“The one thing that really impacted me was the love and the kindness that came through Jean Key and the women who were serving with her,” Bear said. “It was something I had never experienced, and I thought, ‘whatever you have, I want.’”
Key said this is often the case with the inmates to whom she ministers. According to Key, inmates are often surprised that volunteers are willing to listen to them openly. She said one inmate once told her, “you just listen to us, and we don’t know how to do it. We’ve never had anybody in our lives that would give us that sense of presence.”
“It’s amazing,” Key said. “We’ve seen some of the hardest, most violent (inmates) walk across the yard … changed. They’re changed and they’re advocates for the God who loves them.”
According to Key, she witnessed this change within Bear.
“You know when you meet people, you have a sense about them?” Key said. “There was just something about her that set her apart. (I knew) when she would have an experience (with God) it would be a lasting one. If she had not had all of her negative experience plus prison, she wouldn’t be able to help as many people as she does today.”
Bear was released from prison on parole after 19 months, after which Kairos volunteers helped her get in contact with mentors in Tulsa who support former inmates in transition through Stand in the Gap Ministries. According to their website, their mission is to provide a “prayer-based, small-group empowered movement that fills the gaps in the social service system, in the ministry of the local church, and in the lives of Oklahomans in need.” According to Stand in the Gap, “only 3% of women who have completed the entire … program have returned to incarceration.”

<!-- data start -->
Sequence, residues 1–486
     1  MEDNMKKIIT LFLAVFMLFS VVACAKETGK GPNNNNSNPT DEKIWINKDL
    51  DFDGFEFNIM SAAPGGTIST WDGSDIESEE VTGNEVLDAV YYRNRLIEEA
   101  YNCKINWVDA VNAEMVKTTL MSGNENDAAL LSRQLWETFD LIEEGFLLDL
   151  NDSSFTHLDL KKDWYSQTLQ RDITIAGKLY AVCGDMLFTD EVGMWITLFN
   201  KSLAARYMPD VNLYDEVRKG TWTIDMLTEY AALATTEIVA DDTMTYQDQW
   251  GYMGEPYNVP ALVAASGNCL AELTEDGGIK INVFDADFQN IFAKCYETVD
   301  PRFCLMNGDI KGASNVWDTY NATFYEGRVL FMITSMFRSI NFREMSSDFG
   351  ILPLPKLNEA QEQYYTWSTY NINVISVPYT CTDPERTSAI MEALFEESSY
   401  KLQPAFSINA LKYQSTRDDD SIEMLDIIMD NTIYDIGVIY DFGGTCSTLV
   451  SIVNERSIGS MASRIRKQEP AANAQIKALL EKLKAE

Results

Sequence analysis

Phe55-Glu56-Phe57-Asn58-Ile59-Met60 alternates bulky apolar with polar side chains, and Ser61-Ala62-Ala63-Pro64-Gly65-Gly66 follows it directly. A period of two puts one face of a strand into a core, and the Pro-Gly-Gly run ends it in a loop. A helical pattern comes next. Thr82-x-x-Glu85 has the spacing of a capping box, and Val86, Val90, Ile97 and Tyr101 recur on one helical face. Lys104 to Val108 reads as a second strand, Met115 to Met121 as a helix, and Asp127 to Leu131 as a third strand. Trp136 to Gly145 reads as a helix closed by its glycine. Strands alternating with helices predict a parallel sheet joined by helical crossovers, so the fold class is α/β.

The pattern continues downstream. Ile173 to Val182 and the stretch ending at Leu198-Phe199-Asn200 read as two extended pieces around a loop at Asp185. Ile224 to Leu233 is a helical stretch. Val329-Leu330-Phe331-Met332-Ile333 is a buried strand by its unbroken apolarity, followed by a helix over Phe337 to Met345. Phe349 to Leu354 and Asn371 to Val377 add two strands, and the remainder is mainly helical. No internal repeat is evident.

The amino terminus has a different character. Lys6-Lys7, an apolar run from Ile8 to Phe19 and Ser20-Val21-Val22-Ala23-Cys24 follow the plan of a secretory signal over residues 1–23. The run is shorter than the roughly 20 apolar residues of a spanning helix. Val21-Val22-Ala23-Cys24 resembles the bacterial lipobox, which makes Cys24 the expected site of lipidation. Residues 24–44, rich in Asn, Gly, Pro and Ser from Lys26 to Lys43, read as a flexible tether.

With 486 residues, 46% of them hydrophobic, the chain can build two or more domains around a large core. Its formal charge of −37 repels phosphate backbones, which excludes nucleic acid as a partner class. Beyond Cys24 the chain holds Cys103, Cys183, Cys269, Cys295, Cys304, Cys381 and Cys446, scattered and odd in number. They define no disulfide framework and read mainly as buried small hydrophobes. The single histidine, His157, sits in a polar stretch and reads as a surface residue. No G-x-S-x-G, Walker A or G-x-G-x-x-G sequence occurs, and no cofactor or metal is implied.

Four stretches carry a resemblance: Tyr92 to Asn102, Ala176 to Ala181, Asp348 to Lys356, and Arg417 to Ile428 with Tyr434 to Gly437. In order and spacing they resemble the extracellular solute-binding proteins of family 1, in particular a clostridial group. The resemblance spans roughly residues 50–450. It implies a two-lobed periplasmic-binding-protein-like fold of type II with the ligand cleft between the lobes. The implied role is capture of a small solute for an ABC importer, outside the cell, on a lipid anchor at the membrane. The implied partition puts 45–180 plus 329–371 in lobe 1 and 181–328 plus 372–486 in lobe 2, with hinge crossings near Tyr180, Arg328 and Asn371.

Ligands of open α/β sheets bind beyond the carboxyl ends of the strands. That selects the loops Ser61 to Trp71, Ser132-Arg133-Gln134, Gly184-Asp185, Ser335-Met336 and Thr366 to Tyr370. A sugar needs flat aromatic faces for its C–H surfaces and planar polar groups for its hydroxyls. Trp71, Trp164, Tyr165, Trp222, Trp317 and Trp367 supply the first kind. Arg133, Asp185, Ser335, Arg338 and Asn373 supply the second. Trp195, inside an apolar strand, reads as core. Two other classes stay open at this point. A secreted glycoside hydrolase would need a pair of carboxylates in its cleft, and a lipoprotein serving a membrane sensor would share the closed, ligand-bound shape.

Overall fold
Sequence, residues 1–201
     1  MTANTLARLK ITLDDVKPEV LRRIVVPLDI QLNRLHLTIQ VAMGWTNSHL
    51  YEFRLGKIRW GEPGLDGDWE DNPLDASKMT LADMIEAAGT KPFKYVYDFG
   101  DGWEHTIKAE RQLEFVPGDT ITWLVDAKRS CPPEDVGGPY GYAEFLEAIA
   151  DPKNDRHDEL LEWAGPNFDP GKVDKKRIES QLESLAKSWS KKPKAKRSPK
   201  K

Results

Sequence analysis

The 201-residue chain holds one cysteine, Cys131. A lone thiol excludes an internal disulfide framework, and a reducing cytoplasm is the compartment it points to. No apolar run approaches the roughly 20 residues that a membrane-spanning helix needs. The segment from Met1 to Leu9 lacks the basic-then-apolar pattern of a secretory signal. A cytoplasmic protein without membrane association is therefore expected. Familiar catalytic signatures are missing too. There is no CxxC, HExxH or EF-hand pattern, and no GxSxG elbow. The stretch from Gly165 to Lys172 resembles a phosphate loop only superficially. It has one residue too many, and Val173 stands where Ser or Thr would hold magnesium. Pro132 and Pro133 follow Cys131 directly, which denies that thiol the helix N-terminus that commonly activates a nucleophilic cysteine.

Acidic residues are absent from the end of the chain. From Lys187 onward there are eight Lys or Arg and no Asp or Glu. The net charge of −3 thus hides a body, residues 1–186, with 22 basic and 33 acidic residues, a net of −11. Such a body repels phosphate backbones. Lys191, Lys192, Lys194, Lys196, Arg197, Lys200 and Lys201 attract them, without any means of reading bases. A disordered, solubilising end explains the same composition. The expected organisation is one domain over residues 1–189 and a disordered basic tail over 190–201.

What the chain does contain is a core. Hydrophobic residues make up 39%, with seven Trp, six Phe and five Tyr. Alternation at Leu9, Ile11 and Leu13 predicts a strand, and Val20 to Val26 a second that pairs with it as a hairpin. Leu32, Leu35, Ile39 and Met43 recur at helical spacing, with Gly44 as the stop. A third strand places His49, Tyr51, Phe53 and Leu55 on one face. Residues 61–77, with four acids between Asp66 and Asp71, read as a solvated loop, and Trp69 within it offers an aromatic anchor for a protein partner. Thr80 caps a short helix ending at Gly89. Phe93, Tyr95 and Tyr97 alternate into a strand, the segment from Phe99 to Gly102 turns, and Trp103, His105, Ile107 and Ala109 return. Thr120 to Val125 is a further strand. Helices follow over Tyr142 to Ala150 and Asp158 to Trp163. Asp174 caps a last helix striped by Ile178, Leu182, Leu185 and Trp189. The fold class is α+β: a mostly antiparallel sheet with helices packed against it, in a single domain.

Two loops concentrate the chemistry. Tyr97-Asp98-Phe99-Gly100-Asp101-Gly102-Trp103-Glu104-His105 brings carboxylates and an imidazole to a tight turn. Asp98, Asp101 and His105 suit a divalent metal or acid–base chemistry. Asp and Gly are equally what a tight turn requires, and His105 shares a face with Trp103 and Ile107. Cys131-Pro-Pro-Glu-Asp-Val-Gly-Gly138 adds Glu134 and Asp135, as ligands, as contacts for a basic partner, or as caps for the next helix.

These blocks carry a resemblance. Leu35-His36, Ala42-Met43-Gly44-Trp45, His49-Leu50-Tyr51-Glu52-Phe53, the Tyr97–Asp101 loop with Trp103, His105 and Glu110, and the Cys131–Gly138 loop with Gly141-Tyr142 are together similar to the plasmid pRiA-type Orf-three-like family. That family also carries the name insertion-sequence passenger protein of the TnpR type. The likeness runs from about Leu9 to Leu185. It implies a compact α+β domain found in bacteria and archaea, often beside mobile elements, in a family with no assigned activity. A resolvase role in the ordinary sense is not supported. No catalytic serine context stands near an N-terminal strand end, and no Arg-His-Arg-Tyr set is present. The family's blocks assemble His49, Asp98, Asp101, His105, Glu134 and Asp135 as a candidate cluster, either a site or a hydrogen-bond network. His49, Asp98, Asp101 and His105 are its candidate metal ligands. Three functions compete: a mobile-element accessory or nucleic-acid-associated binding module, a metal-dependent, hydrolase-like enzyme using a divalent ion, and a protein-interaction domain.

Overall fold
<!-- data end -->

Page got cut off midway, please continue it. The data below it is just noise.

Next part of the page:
Statewide, 13.3 percent of women who are released from prison return within three years for violating parole or relapsing into criminal behavior, according to the 2013 Oklahoma Department of Corrections annual report. Nationwide, about two-thirds of people released from prison will return to prison or jail within three years, according to the National Institute of Justice.
Bear didn’t want to be a recidivism statistic so, upon her release, she dedicated herself to working, eventually regained custody of her children, and remarried. According to Bear, she knew immediately after she met Key that she wanted to be a Kairos volunteer when she left prison, which she accomplished three years after her release.
“I’ve been going back into prison now for 10 years,” Bear said. “And I am a Kairos lady.”
Inspired by the compassion her Kairos volunteers had shown to her, Bear said she felt obligated to help others who were in her situation because so many women had been generous with her during her rehabilitation.
When asked what she would want the public to understand about female incarceration if she could communicate one thing, Bear said, “second chances do make a difference in a life. People do change. They can. They can.”
Read Part 2 of Rhonda’s story.